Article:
The military-industrial complex generates death and destruction abroad while also harming workers at home: it funds politicians and think tanks, siphons off money from pro-worker programs, and turns the public coffers into a slush fund for war profiteering.
Stephen Semler is cofounder of Security Policy Reform Institute, a grassroots-funded US foreign policy think tank.
The Senate is considering increasing the Pentagon’s budget to $850 billion. Think tanks are key advisers to the Senate on such increases — and a look at those think tanks’ funding reveals they’re all getting money from weapons manufacturers.
The House has approved an $850 billion military budget, twice as much as Biden’s stimulus checks cost. Yet somehow, we aren’t getting panicked screeds from corporate pundits about how a massive injection of federal spending is going to turbocharge inflation.
Every year the US military budget grows ever larger, sucking up resources that we could use to improve the lives of workers. A new bill seeks to do just that, immediately cutting $100 billion from the military budget and putting it in social programs.
Joe Biden has signed a $40 billion aid bill to Ukraine. But the biggest beneficiary isn’t ordinary Ukrainians — it’s the US military contractors set to receive at least $17 billion in additional revenue.
Joe Biden has requested more than $800 billion in military spending for the coming fiscal year. His spending plan won’t make the world safer, but it will probably funnel more than $400 billion in public money to private sector firms.
The only clear beneficiaries of the current proposal for military aid to Ukraine are US weapons manufacturers and the Pentagon — and both parties seem intent on passing it.
Joe Biden signed a record-breaking defense budget even as his domestic agenda is languishing. We’re getting all of the Pentagon spending and anti-China saber-rattling — and none of the supposedly transformative social programs.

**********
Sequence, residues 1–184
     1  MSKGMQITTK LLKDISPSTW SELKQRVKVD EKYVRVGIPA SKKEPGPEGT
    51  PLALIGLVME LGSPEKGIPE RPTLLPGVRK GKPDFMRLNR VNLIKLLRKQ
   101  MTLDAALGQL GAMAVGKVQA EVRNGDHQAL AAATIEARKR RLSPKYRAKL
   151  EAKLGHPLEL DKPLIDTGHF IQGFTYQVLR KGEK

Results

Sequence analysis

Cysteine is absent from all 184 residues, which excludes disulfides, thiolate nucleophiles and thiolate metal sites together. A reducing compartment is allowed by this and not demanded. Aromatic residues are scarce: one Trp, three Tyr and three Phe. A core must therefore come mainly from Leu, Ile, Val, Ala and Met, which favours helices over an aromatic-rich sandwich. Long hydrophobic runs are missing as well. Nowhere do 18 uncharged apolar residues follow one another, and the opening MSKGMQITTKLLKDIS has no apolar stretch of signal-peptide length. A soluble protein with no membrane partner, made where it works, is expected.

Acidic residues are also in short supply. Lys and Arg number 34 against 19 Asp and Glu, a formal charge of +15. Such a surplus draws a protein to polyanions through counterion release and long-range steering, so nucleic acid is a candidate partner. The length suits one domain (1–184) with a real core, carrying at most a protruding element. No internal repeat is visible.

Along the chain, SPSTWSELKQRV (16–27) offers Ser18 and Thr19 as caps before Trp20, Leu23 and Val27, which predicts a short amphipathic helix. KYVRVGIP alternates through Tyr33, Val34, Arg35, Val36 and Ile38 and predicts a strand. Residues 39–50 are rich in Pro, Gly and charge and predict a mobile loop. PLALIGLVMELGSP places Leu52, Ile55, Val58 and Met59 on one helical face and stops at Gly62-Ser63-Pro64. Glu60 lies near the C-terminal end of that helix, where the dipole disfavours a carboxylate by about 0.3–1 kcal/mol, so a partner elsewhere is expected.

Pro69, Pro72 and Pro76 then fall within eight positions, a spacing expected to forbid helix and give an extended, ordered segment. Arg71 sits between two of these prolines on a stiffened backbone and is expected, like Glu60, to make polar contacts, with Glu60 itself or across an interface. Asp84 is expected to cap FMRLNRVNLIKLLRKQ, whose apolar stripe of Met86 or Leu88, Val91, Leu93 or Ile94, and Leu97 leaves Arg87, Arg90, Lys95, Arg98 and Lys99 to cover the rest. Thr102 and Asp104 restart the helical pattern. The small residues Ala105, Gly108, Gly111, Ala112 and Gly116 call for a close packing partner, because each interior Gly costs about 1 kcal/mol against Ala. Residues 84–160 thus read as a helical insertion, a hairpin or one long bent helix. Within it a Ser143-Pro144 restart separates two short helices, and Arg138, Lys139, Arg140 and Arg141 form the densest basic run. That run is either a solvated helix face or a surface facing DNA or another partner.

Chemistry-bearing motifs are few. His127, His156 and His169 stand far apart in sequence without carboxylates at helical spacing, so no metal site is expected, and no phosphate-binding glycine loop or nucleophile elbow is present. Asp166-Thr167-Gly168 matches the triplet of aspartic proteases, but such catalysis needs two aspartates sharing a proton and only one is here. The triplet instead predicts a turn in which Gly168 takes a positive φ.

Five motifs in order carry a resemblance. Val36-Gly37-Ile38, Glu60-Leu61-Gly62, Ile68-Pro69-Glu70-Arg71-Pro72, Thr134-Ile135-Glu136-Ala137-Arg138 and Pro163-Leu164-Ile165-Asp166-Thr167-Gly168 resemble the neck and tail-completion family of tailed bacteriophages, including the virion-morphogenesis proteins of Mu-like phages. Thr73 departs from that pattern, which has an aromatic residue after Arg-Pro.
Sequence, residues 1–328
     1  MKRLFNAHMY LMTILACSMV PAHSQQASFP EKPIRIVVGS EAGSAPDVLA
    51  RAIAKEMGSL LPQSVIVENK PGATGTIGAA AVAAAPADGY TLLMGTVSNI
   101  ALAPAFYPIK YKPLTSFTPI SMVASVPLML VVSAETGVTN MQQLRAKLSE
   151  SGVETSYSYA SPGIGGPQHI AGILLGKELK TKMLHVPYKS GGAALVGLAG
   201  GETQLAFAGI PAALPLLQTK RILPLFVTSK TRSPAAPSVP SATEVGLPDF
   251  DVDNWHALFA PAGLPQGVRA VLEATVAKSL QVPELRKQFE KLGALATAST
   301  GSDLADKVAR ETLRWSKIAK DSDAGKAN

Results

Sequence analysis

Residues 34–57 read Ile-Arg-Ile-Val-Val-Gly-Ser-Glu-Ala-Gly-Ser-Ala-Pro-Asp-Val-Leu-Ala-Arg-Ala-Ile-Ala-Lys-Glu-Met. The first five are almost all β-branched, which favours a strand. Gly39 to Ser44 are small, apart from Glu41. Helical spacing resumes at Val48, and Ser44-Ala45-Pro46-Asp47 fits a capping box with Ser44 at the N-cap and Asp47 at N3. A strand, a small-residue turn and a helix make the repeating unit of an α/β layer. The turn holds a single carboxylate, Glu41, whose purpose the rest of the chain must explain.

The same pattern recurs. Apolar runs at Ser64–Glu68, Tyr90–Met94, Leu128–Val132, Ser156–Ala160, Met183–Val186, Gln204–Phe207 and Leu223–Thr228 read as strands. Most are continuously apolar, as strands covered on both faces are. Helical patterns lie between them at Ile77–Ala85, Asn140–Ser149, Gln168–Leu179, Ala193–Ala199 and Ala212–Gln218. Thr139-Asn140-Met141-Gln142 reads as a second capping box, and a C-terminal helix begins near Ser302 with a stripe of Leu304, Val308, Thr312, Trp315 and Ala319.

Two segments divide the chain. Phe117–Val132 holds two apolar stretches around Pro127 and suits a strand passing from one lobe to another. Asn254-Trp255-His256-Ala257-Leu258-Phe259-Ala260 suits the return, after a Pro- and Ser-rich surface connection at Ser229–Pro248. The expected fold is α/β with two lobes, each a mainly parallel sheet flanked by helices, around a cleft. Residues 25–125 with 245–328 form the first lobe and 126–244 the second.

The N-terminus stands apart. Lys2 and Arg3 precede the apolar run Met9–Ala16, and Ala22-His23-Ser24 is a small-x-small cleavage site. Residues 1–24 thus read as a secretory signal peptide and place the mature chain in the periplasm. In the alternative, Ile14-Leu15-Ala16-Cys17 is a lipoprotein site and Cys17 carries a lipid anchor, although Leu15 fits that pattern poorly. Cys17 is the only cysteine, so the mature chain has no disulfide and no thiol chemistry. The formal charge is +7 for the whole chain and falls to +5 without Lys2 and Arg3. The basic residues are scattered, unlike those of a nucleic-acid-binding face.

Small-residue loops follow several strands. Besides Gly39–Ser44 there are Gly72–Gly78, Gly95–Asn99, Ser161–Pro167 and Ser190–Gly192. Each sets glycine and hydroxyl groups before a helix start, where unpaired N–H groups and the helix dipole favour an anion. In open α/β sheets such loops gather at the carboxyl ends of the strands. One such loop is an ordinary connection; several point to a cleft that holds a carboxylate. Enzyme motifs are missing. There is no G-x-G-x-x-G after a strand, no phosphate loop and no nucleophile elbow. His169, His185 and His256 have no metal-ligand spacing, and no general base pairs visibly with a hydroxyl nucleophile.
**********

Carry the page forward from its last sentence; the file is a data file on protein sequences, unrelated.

The US government is set to spend twice as much on the military as on Joe Biden’s social spending programs over ten years. Instead of apologizing for social spending, Biden should stop rubber-stamping defense spending and start using it as leverage.
Conservatives in both parties are blocking the current infrastructure and reconciliation bills on account of the price tag. But the record shows they’ve never objected to sky-high defense budgets.
The Pentagon’s 1033 program has allowed over $1.5 billion in military equipment to be given to local police departments. The House votes today on rolling 1033 back — but the Biden administration hasn’t lifted a finger to reduce the military weapons in cops’ hands.
These days, a lot of politicians say they’re against “forever wars” — and that’s a good thing. But the acid test for genuine opposition to the national security state is support for cutting the military budget.
American police departments are armed to the teeth with military-grade weaponry like Humvees and assault rifles. Nothing is stopping President Biden from shutting down this military-to-police pipeline right away.
Average Americans want to cut the military budget, but a constant stream of defense contractor cash to Congress makes such cuts unlikely. Perhaps the best way to argue against the continued expansion of the gargantuan budget for war: insist that we need that money for measures like $2,000 survival checks.
A look at the numbers reveals that congressional Democrats who voted for Trump’s defense budget last week accepted four times as much war industry cash in the House and six times as much in the Senate as those who voted against. To stop the war machine from sucking up resources that could be used on social programs, we need to confront those Democrats happy to rake in cash from war profiteers.